What’s the Deal: Have You Noticed Those Sunflowers Along Michigan Freeways?
Over the weekend I was headed back to Kalamazoo after visiting my hometown of Allegan and during my drive I noticed something I'd never seen before: a new patch of sunflowers!
But this wasn't just a row of sunflowers in someone's garden, it was a field of flowers in the median along US-131. As beautiful a sight as it is, I can't help but wonder why it's there in the first place? Turns out I'm not the only one who's curious!
Ashlie Babbitt, member of the Facebook group Allegan County Informed recently asked,
I noticed on the south westside of US-131 and M89 in Plainwell has a big field of sunflowers growing in the middle of the on and off ramp just kind of curious on how they got there and why they were even put there don't get me wrong its really cool...but just curious
Turns out there's a very practical and beautiful reason behind it. Any guesses?
It's for the bees!
Pollinator Habitat Management Program
In an effort to save pollinators and protect their habitats, Michigan's Department of Transportation (MDOT) is working on a new Pollinator Habitat Management Program.
According to MDOT, 30% of all crop production and 90% of wild plants rely on pollinators for reproduction. In Michigan most of our fruits and vegetables rely on honeybees to pollinate them.
Sadly there has been a rapid decline in bee/pollinator populations over the years due to declining habitats and other factors like pesticides, climate change, and parasites. That's why places like Ypsilanti have become a designated "Bee City" and Ann Arbor residents participate in "No Mow May." It's all in an effort to conserve the pollinator population!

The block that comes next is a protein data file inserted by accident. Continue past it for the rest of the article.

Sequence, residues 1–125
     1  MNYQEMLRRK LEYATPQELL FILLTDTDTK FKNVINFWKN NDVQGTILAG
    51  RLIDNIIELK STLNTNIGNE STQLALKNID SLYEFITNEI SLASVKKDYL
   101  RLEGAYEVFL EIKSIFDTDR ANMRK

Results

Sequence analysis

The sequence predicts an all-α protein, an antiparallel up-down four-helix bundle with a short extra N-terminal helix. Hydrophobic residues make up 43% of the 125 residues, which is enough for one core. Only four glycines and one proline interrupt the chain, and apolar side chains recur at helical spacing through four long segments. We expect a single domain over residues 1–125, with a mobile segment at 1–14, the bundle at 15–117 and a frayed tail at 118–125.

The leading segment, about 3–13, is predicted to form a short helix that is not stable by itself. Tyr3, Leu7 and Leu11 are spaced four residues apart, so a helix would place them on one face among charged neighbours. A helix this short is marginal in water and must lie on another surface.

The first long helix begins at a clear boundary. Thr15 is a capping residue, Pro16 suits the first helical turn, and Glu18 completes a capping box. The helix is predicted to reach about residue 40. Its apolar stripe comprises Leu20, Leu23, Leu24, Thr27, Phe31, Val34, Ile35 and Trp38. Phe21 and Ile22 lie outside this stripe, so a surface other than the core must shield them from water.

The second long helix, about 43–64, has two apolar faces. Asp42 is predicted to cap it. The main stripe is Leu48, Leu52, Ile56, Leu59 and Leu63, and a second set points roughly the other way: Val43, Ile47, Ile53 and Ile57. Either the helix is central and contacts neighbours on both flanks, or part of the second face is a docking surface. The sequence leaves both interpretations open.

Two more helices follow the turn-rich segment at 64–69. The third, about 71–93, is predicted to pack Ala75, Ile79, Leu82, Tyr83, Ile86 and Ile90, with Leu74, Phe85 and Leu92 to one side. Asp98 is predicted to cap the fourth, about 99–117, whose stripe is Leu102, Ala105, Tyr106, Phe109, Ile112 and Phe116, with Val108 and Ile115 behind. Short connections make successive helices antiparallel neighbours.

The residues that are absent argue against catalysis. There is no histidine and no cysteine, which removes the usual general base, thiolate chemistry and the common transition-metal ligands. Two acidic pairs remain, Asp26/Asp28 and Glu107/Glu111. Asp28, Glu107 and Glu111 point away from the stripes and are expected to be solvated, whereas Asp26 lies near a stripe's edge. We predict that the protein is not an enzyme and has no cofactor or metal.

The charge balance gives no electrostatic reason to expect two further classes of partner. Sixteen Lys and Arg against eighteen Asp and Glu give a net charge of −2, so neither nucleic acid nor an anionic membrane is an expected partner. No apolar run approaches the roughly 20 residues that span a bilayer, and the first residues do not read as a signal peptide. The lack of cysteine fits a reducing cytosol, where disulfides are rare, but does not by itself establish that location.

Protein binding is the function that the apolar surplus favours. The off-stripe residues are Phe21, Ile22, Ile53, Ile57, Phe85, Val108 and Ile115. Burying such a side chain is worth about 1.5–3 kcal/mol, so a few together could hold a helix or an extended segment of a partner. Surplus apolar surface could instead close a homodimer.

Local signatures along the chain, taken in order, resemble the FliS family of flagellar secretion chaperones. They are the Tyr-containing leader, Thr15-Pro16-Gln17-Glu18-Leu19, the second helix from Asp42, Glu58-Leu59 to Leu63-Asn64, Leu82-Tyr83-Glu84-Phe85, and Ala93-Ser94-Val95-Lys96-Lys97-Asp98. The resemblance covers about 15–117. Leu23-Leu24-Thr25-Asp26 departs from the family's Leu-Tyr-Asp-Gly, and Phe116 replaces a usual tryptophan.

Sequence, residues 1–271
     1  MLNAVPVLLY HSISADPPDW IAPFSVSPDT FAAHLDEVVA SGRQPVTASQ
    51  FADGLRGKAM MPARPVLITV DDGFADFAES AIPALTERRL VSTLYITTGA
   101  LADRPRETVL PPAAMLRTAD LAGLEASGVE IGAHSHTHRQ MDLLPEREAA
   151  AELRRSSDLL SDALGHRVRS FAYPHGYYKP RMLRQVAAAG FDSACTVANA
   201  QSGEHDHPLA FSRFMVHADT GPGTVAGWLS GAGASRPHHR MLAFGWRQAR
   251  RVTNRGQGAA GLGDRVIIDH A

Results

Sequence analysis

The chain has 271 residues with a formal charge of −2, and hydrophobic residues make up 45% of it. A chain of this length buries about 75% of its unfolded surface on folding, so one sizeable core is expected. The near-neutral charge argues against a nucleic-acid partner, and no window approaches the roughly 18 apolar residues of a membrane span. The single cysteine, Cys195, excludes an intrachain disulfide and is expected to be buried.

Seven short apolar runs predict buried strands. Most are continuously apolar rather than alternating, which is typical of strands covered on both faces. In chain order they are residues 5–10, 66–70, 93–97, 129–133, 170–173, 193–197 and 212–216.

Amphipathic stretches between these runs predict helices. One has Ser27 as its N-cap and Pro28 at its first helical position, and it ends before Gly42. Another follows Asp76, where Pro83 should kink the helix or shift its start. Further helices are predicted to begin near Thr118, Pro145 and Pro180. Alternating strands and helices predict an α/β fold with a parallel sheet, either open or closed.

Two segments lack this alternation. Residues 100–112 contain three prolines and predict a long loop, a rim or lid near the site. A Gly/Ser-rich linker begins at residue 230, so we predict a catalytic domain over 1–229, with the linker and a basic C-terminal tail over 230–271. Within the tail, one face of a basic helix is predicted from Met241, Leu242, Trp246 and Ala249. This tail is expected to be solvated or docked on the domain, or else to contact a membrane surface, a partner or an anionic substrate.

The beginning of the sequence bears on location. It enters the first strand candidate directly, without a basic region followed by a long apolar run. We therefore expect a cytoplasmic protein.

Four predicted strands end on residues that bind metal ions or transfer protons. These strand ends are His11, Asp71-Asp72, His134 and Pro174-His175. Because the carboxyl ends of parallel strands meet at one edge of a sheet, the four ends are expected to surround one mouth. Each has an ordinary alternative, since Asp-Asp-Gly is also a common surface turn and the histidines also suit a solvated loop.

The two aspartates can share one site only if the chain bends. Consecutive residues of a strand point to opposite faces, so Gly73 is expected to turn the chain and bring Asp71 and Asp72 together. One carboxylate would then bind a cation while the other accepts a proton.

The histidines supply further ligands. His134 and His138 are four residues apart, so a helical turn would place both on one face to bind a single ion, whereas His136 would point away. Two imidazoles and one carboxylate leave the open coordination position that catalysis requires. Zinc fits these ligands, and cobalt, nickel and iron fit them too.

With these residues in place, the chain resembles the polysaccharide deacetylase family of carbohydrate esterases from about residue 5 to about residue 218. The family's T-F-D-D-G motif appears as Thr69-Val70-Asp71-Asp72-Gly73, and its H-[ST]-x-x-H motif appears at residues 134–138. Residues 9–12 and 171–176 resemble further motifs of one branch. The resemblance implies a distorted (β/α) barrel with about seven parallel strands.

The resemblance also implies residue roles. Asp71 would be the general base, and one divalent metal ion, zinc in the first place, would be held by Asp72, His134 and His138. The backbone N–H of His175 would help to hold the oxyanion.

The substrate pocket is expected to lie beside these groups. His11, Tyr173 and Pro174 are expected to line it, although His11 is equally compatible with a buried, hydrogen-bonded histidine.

As it turns out, Michigan's roadsides are the perfect place to help facilitate growth among the pollinators. Think about it--we're not really using those roadsides for anything else! Says MDOT,
Roadsides often have diverse flora that is beneficial for pollinators...[and] offer a wide variety of vegetation types, including herbaceous, shrub, and tree species, which is important for supporting a healthy pollinator population.
As part of its pollinator program MDOT will:
- Avoid using insecticides and strategically schedule herbicide application
- Reduce mowing
- Manage and implement plant diversity along roadsides
- Work with adjacent property owners and local communities
- Implement special provisions on construction activities to protect pollinators
It cannot be stressed enough how important pollinators are to our livelihood and I'm so glad out state is taking a proactive approach to protecting pollinators here in the Mitten. Keep an eye out for these amazing sunflower fields on your next Pure Michigan road trip!